You want disparities in the system, just look at rich people breaking laws compared to people like Ms Thomas. Who gets the example made of them? Right, not the rich.

Anonymous Coward says:

Re: Re:

This is an injustice. Justice is a fallacy. A baby girl is murdered we can only have retribution or rehabilitation neither is justice. This just displays that the laws is not enforced as it is written it is enforced charismatically, the litigant annoys the court — the court shows that it is not to be annoyed. Meanwhile that spammer goes on instally spyware on all of our machine. Martyr’s they may be right but they’ll bleed to death in the end. Fuck the law.

william (profile) says:

is it blackmailing to threaten to take all your possessions unless you drop the lawsuit?

According to the law, they have the right to take all his stuff and sell them for money. If it stays at that I have no problem. My problem is the company’s lawyer repeatingly trying to use this as leverage to stop the guy’s appeal.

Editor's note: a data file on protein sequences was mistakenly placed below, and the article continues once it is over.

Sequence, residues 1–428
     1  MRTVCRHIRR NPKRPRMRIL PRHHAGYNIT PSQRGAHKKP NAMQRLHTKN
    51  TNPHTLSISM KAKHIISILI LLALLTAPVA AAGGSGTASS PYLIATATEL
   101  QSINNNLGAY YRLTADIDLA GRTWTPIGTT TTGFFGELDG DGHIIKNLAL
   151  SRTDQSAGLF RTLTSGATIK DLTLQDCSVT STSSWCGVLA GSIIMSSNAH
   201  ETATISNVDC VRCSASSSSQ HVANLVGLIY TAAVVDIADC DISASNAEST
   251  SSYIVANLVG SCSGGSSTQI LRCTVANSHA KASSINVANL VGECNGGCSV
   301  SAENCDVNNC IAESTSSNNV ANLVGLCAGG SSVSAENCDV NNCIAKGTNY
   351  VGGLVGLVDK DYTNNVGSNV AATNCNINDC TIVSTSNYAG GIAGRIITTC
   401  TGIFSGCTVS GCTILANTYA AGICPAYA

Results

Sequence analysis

I admit I don’t know if this has legal basis, but it just sounds wrong and feels like blackmailing.

Anonymous Coward says:

Re: Re:

While I hate spammers as much as the next guy, I wouldn’t call this blackmail.

Remember, not only did he start this mess, he already lost the case, and his appeal was denied.

Virtumundo’s basically saying “You lost the case and the court says you owe us money. But we’ll forget this whole thing if you stop being a pest.”

ErRoNeUs says:

Re: Re:

Clearly breaking the law? Care to state which law he was breaking? There are all sorts of examples of accepted “trolling” including copyright, patent and trademark trolling. I’m not saying it doesn’t happen that these other types of trolls do not lose their cases because they are trolls, but I am saying that I haven’t heard of that happening before.

Skuck the Fank says:

The takeaway from this?

Go ahead and do this. If the government wants to protect pieces of shit like Virtumundo, then we have to do what we have to do.


Don’t be an idiot. If you are going to pose as an ISP, don’t “pose”… *BECOME* a legitimate ISP. It really doesn’t take much to provide internet access to a few people (insiders sympathetic to the cause?) Once you have a legitimate business, retain a good lawyer for the inevitable challenge to your legitimacy, and have your paperwork in order. Be ready and able to prove that you are a legitimate business. They can’t invalidate you because you aren’t huge.

Now…Rip Virtumundo a new asshole.

By the way, Virtumundo is a skank.

RD says: